Demand for NVS Himalayan Green Tea is increasing for a broad mix of reasons, especially for its health and beauty benefits. Backed by increasing clinical evidence to suggest it aids weight loss, recent use of green tea as a beauty aid are further adding to the appeal of this versatile substance.Green tea is not only good for you on the inside but also on the outside. The natural astringency of green tea makes it both soothing and healing, whilst the steeped leaves have just enough gentle exfoliation properties to give your skin a healthy glow.
And now the beauty industry appears to have caught on to green tea’s exciting properties. Traditionally many kinds of makeup, lotions, creams and other beauty preparations have contained oil, so antioxidants are added to preserve their freshness. This is because oxidation of cosmetics can make them not only ineffective and smelly, but can cause the formation of potentially dangerous substances.
In the past the choice tended to be between chemical preservatives, or the natural preservatives like the antioxidant vitamins A, C and E that manufacturers of “natural” cosmetics favoured.
Recently however green tea extract has been proven to be an even stronger antioxidant than these powerful vitamins in some cases, and is, of course, totally natural. This has led to a surge in products capitalising on green tea’s beneficial properties.
However many people feel that the most natural skincare products can be made at home, using fresh ingredients. The following all purpose recipe for concentrated green tea extract is quick and easy to make and is both a flexible addition to your daily beauty routine and equally useful in your medicine cupboard.
Simply brew 100gms of green tea in half a litre of room temperature still mineral water for at least one hour. The resultant liquid can then be poured into sterilised bottles and refrigerated. It is better to make small quantities and use at its freshest.
This soothing liquid can be used as a spritzer to freshen up the face or soaked into cotton buds and applied to tired or strained eyes. It is antiseptic with a healing effect and can therefore be applied to minor cuts and rashes. Soaked in cloth the solution can be applied to sunburn, until the area begins to cool. Or it can be applied directly to spots and blemishes. It can even be used as a mouthwash to prevent bad breath.
Given green tea’s ability to prevent mouth odours and even dental caries by fighting bacteria in the mouth, and preventing these plaque-causing microbes from attaching to dental surfaces, it is an ideal candidate for inclusion in a natural tooth cleanser.
Green Tea Toothpaste
Try making an extract by pouring one cup of boiling water on 100gms of Himalayan Green Tea leaves, and allowing it to infuse for 30 minutes or more. This should then be mixed with one teaspoon of baking soda to a paste, which can be used to brush your teeth as usual.
Green tea may also lend “anti-aging” properties to cosmetics thanks to its ability to scavenge free radicals. Fighting free radicals from within the body seems to be an effective way to slow down the ageing process, and now people are applying antioxidants to the skin in the hope of achieving the same effects.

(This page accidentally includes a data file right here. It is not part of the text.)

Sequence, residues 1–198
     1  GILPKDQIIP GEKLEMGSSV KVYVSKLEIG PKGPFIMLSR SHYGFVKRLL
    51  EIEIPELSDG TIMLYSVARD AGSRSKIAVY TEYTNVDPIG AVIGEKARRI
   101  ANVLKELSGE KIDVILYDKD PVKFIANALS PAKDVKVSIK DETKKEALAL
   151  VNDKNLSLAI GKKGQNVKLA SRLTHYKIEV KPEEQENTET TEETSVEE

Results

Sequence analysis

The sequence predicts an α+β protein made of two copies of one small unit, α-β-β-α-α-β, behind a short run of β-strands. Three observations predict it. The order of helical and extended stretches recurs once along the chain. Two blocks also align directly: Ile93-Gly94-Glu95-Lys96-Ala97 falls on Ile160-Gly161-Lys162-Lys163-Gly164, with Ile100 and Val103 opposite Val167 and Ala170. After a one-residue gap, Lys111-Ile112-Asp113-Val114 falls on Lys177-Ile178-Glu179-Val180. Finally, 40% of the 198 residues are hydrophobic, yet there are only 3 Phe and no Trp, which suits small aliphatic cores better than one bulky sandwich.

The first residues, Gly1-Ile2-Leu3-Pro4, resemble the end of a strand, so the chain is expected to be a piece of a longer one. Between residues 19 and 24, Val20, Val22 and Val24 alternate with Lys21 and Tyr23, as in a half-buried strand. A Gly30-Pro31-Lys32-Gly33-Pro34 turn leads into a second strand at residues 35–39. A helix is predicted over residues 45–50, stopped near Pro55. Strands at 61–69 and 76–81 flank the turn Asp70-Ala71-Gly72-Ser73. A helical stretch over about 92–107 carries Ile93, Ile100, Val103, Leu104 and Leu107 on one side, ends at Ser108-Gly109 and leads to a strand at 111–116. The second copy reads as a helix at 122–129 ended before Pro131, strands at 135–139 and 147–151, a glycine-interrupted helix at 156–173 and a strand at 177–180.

This gentle facemask helps to remove toxins. Mix 3 tablespoons of mayonnaise with one heaped teaspoon of organic Himalayan Green tea, apply evenly to the face, avoiding the eye area and leave for twenty minutes. Rinse and dry, follow with a light moisturiser.
In addition to these uses polishing our surfaces, green tea also works to beautify us from within.
Green teas are a natural source of antioxidants, which help protect the body from damage caused by free radicals, the harmful molecules that occur in the body. Excess amounts of free radicals can be caused by smoking, excessive sunlight exposure, pollution etc and have been associated with an increased risk of major diseases and accelerated aging.
Green tea contains powerful antioxidising agents such as vitamin E and vitamin C restrain the ageing process and are found in green tea. And, more importantly polyphenols are prevalent, in particular the catechin epigollocatechin gallate, a most potent antioxidant that is believed to be responsible for most of green tea’s role in promoting good health, adding to the strong weight of evidence that suggests green tea makes you look younger.
In fact British Supermodel, Sophie Dahl’s dramtic weightloss, which caused quite a stir recently, has been attributed, in part, to her drinking regular cups of green tea, which is thought to help speed up the metabolism and reduce cholesterol levels.
Sophie followed BodyDoctor David Marshall’s nutritional advice, which advocates drinking as much toxin-flushing green tea as possible.
There is increasing scientific research to support green tea’s role in weight loss. Preliminary research published by Dulloo A, et al (1999) in the American Journal of Clinical Nutrition suggests that an extract found in green tea may help with weight loss by raising metabolic rates and speeding up fat oxidation.
Green Tea is also thought to increase energy expenditure, by inhibiting the digestion of fat in the intestine.
So it would appear that green tea provides us with the most natural makeover available. When drunk it boosts health, slows ageing and helps us to slim; when applied to the skin it sooths, buffs and cleanses and it can even make us smell nice. So why not incorporate some Himalayan Green Tea into your beauty routine today?
To purchase Himalayan Green Tea mail order visit the Nutri Centre website www.nutricentre.com or call 0800 587 2290.